Should instructors care whether or not students find their exchanges satisfying? They should, because as this research (and previous studies) document, those levels of satisfaction correlate positively and significantly with something these researchers call “affective learning.” Affective learning involves student feelings and emotions toward the subject matter and the teacher.
At my house, we’re deep into a host of summer projects and are having our usual communication difficulties. Yesterday my brother Charles and I were trying to help my husband Michael tie sheets of plywood to a cart so they could be transported to a work site. “Put the rope under the board. No, not all the way under. Put it under and over the top.” My mentally challenged brother is confused and frustrated as he tries to put the rope where Michael wants it. “No, loop it over.” I’m eager to help but I haven’t a clue where the rope is supposed to go.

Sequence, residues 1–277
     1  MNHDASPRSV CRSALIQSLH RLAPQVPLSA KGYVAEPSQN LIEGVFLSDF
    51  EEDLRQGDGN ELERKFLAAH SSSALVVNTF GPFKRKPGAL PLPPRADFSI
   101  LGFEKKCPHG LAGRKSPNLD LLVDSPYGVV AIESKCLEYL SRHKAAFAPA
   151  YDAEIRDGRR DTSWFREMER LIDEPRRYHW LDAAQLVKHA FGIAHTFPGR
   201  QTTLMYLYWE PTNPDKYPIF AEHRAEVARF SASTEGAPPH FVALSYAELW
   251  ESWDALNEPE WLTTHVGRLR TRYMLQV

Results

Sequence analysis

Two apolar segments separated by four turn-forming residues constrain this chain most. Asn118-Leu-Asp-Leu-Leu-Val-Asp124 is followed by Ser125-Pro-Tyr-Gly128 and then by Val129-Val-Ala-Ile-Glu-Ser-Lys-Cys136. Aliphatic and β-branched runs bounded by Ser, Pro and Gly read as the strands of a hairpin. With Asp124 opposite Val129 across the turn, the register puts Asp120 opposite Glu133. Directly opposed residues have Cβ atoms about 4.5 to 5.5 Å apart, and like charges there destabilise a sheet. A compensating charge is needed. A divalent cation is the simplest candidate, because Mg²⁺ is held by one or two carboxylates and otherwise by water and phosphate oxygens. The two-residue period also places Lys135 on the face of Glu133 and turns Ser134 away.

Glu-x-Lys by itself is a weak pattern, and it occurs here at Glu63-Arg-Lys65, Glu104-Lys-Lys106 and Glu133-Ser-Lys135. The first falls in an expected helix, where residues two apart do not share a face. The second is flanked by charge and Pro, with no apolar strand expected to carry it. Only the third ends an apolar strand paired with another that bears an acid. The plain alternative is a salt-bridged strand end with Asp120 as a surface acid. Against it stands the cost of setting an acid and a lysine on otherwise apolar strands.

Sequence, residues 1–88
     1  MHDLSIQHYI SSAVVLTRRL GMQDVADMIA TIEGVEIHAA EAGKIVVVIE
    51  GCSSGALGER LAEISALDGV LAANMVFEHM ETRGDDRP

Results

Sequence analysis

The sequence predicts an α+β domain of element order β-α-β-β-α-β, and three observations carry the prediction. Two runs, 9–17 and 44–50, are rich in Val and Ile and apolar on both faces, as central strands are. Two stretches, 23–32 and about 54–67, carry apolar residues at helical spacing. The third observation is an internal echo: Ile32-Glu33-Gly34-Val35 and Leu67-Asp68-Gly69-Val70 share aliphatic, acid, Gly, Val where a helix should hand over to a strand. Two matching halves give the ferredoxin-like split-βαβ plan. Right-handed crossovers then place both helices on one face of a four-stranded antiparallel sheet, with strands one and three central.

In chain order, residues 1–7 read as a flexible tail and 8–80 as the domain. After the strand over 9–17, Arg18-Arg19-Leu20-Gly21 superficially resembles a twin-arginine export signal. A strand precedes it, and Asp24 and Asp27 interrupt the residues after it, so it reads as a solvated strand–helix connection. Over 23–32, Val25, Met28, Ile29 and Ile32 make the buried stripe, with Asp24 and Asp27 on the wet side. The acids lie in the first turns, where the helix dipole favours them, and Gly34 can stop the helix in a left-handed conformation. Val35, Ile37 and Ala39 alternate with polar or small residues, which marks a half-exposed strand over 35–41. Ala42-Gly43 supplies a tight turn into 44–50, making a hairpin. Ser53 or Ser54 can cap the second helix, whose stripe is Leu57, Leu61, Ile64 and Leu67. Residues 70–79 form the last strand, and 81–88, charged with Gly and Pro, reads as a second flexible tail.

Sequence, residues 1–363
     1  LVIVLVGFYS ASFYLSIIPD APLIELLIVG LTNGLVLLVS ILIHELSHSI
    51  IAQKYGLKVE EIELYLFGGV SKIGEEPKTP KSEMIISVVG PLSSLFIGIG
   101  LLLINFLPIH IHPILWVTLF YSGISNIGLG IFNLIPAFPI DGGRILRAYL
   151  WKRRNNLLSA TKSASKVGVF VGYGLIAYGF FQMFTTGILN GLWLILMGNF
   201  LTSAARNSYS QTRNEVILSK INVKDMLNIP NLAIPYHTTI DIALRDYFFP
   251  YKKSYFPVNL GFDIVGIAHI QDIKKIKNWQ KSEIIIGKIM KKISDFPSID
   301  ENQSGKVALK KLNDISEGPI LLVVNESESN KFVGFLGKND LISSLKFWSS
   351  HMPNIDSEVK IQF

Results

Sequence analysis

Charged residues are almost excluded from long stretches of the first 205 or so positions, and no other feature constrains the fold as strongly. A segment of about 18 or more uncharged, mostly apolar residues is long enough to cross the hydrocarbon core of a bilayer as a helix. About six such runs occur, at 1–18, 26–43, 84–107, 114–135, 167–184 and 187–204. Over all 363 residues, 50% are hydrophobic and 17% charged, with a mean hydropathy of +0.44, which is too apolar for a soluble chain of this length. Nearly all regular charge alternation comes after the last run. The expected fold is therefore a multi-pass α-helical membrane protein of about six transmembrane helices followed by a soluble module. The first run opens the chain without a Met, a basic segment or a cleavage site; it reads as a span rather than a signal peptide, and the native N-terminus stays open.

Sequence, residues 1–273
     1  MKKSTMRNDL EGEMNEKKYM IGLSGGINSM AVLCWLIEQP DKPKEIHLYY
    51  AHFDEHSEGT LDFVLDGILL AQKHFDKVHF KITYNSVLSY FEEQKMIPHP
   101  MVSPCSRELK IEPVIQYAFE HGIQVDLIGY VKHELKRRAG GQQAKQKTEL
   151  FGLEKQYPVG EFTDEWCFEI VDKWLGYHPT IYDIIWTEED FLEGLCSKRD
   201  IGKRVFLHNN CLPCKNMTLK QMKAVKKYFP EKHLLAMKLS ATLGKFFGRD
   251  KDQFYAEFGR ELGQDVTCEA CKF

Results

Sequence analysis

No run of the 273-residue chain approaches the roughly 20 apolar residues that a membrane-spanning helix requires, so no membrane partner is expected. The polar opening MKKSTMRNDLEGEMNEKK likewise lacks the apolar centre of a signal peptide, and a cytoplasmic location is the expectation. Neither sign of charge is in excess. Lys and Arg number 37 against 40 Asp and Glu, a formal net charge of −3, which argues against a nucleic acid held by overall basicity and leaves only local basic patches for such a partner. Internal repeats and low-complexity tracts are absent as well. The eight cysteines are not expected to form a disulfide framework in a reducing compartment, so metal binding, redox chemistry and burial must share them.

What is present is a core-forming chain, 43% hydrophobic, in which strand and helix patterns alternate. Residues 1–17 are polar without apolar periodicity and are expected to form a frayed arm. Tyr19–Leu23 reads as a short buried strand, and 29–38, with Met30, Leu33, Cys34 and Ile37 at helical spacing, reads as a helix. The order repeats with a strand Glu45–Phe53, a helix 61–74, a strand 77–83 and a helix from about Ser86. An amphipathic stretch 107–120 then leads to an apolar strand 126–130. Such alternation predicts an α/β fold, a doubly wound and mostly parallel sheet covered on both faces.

Online instructors receive poor evaluations for any number of reasons, including lack of experience, inadequate training, and poor communication skills. Other times, the poor reviews are more reflective of the course design than the instructor who’s teaching the course. That distinction is unimportant to the students.
How do you come across to the people you work with? Does what you say and how you say it send mixed messages? Are your actions consistent with your words? Do you listen intently? Do you acknowledge others’ ideas? All these questions are important for any leader, and answering them honestly can help you become a better leader.